- June 17, 2015
Members of the Lakewood Ranch Digital Photography Club and their friends on July 31 wrapped up a yearlong quest to capture 52 weeks worth of themed images.
The club will starts its fourth 52-Week Challenge photo blog challenge this week.
“Participating in the challenge is not only a way to improve your photography but also a way to grow friendships,” one of the campaign’s co-founders Mindy Towns says. “We are not only learning and practicing new photography technics, but we are learning to look at the world a little more closely and express our creativity with every theme.”
Here, bloggers share some of their favorite images, which represent either a “best” photo or one for which they learned a new technique or overcame particular challenges to achieve.
The challenge is open to photo club members and nonmembers alike. To get involved, contact Mary Nell Morre at [email protected].
This photo depicts Correo Calle at the intersection of De La Barranca Calle, looking south on Correo toward the Center of San Miguel de Allende (Guanajuato), Mexico.
“During a recent vacation, this breath-taking vista was what greeting my husband and me each morning as we arose, prepared for the day and went out for breakfast. In fact, several time a day, for seven days, we went down and back up this hill, about three-quarter miles each way. It is certainly true that we ended this vacation much more physically-fit than we ever imagined,” Thompson says.
“I got the idea from our local newspaper,” Lee says of her photo. “They had published that Mumm, a champagne maker had picked their pinot noir grapes a week earlier than last year. It got me thinking, so I loaded my tripod and camera in the car and took a short drive out to a Chardonnay vineyard.”
Lee then took a walk, found the clusters she wanted to photograph and waited for the right light.
Near a lighthouse called Nubble Light, Towns lay on the ground to get a closeup perspective from a puddle to capture this image. The idea was one she’d learned from another 52-week Challenge blogger and had wanted to try.
“It is a good example of how bloggers can learn a technic from each other,” she says. The post address is https://mindytowns.wordpress.com/2015/06/03/a-5-reflections/
Nerenz took this shot just after sunset out in San Diego, Calf. It’s a view of the bridge going over to Coronado Island from a pier used by commercial fishing boats.
“I went exploring near my hotel in San Diego and discovered a pier behind a popular restaurant that I had frequented for 20 years without ever noticing what was behind it,” Nerenz says. “I had the place all to myself and shot all sorts of images of the skyline of San Diego, work boats tied up and sea lions resting on the docks the night fisherman had left empty.”
“I love this one of my granddaughter, Riley, as it captures her bubbly personality but also challenged me as I wanted the Christmas tree lights behind her to be blurry versus sharp. “I called the picture 'Little Elfie’ and sent it out on Christmas Day into the 52-Week Challenge.”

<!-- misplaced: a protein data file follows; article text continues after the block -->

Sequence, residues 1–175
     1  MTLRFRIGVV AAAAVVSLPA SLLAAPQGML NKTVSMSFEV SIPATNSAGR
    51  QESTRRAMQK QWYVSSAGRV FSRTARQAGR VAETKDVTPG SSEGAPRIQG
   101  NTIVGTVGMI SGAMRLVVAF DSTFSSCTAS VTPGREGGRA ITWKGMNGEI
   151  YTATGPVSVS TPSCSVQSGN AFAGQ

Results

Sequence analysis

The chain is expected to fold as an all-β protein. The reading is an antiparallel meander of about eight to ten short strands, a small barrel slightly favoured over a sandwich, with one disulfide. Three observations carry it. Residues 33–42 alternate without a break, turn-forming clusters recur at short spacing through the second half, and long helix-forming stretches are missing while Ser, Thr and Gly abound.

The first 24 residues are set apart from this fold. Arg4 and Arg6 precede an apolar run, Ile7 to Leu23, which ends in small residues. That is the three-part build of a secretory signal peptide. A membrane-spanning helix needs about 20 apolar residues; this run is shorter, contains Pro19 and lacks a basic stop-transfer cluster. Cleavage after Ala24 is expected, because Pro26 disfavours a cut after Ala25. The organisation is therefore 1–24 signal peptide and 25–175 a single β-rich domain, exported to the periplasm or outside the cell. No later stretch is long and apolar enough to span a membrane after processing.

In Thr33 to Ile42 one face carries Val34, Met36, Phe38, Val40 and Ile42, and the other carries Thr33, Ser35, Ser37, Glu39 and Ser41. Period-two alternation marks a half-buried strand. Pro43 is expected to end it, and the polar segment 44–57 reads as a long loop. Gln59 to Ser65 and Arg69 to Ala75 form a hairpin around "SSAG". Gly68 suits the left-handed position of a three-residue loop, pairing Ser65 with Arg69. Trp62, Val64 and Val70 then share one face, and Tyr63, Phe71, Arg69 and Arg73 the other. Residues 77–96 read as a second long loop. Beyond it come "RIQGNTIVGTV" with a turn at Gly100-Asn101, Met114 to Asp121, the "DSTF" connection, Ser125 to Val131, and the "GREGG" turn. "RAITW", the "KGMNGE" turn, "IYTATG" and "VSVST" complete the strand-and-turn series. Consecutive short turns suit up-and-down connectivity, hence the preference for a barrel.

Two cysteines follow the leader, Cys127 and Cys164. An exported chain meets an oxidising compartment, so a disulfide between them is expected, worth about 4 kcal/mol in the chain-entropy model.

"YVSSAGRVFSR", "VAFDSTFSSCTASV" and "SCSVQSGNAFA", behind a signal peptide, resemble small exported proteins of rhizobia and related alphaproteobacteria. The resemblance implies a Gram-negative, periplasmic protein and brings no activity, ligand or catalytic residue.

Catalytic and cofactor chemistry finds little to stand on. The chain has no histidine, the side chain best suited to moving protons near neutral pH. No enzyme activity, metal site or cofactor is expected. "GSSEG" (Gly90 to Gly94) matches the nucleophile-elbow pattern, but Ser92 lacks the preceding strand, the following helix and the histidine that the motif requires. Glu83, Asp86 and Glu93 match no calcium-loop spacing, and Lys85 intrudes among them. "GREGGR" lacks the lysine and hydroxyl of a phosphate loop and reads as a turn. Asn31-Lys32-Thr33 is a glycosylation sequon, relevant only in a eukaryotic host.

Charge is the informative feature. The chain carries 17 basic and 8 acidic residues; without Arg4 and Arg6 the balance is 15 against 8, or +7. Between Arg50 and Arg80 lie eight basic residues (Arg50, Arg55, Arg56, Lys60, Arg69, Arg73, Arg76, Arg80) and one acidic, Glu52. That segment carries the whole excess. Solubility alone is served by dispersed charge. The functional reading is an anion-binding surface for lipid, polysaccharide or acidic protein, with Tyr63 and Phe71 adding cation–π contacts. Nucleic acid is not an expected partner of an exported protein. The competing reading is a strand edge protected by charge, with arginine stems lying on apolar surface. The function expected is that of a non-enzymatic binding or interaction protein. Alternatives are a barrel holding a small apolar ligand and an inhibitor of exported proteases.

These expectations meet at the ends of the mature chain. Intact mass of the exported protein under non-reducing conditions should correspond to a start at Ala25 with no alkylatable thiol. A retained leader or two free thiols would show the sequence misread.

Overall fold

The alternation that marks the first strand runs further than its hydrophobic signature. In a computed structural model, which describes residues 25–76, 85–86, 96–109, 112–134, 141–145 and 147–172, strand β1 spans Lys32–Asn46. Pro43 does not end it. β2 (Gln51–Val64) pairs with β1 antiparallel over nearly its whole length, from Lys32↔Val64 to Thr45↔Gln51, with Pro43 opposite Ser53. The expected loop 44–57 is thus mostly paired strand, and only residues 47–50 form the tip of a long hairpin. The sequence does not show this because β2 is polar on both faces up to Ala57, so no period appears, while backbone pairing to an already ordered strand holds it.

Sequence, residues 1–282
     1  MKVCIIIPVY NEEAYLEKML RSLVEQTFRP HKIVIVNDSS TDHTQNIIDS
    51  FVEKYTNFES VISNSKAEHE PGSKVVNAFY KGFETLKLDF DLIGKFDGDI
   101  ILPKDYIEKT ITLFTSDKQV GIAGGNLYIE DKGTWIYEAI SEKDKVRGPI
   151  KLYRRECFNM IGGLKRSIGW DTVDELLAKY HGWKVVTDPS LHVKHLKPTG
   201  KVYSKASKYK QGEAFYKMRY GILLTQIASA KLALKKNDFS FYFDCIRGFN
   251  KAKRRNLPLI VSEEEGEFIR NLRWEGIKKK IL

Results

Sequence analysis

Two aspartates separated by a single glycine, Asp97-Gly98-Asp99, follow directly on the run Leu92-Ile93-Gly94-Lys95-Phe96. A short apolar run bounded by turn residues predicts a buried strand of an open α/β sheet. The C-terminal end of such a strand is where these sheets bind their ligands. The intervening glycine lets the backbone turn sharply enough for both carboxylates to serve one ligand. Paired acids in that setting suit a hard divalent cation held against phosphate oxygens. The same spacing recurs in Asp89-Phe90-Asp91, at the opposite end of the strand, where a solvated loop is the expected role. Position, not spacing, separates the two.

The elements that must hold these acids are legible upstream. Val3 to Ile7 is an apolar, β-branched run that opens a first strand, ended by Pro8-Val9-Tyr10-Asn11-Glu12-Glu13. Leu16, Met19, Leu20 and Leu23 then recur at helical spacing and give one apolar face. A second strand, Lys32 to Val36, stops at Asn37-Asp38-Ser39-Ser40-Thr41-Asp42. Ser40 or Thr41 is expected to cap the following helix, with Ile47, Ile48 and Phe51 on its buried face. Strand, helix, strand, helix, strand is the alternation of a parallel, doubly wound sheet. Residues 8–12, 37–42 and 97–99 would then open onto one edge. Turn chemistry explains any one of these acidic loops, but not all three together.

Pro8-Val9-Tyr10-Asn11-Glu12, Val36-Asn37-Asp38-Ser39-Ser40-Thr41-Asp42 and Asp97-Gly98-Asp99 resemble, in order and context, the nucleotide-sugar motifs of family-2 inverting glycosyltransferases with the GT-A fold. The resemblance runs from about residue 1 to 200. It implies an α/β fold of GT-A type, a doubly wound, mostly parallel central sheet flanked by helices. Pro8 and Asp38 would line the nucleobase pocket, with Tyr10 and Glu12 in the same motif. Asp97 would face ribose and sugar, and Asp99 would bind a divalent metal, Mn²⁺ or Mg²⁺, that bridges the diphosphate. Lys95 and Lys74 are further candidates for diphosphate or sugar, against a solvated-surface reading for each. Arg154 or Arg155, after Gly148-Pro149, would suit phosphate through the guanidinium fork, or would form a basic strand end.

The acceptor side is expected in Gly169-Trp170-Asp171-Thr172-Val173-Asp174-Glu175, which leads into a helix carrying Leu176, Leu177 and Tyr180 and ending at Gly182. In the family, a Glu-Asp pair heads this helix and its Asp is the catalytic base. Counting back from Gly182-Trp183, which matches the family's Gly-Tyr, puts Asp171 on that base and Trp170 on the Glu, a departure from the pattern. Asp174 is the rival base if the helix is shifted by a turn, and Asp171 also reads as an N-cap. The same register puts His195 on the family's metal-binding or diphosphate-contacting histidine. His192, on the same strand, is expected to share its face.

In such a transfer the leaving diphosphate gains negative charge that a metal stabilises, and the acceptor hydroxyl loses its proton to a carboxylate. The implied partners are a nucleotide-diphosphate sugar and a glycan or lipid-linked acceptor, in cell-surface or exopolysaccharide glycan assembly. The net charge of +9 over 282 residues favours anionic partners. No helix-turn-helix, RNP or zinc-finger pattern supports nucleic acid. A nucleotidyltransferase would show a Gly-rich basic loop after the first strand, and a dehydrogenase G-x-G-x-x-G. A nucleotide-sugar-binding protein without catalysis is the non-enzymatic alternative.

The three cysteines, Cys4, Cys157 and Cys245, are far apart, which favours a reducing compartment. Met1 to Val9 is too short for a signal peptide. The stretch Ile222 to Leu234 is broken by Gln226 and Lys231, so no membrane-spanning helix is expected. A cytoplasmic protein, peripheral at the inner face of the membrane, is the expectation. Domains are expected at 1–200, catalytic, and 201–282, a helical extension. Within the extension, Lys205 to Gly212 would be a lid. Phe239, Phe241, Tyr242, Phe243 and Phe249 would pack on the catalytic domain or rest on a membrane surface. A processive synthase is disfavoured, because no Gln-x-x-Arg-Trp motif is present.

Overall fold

Wong took this image while on an 11-day visit to Wyoming. He describes this view as the “gem” of his trip to the Wyoming Pryor Mountain range, where he stood 1,000 feet above the canyon floor and the Big Horn River at the Big Horn Canyon National Recreation Area. This image is the second of two in his post.
“The sun started peaking through and I took this shot looking north and west from the above overlook,” he says.
Karski took this shot in her front yard.
“Doing a controlled sun flare is difficult because you do not want to damage the camera sensor by aiming it directly at the sun,” she says. “This was taken early in the morning when the sun rays are not as strong. The task was to get the sun positioned right behind the hibiscus and only catch a ‘twinkling’ of the sun as the breeze moved the flower. With aiming the camera up towards the sky it caused the sky to completely wash out giving the white background. The sun flare then took a golden glow, setting up the image for use as a Christmas card look.”
During a visit to a rookery on the Braden River, Piper watched and photographed a number of birds building nests or settling down for the evening.
“Among the storks and egrets were some magnificent spoonbill roseates. They are graceful when flying but look so ungainly when they come in to land jutting their feet and legs out in front, spreading their wings to break speed and then finding and alighting on a landing spot,” Piper says. “This one couldn’t decide which small little branch he was going to light upon and walked from branch to branch until he found one of his liking.”
Cantarine shot this shot on the Monterey Peninsula in California in September 2014.
"As we drove along Ocean View Boulevard in Pacific Grove, the sun produced a dramatic backlight on these coastal wildflowers, and I knew I had my shot for the 'Backlit' theme of the challenge,” she says.
“The model in this photograph is an actor on a cable western TV show, filmed at Dry Creek ,where this was taken,” Veneruso says. “He was very at home in front of the cameras and graciously posed as long as we wanted.”
Eliason took this image at the Florida Polytechnic University when the photo club took a field trip there.
“They have not only a beautiful building to photograph but, the surrounding lakes also offer many photographic opportunities,” Eliason says.
She also entered this image in the Florida Camera Club Council Digital Competition in June and it earned a yellow ribbon.
Viera was touring downtown Boston on a Saturday morning in August 2014 when this photo opportunity came her way.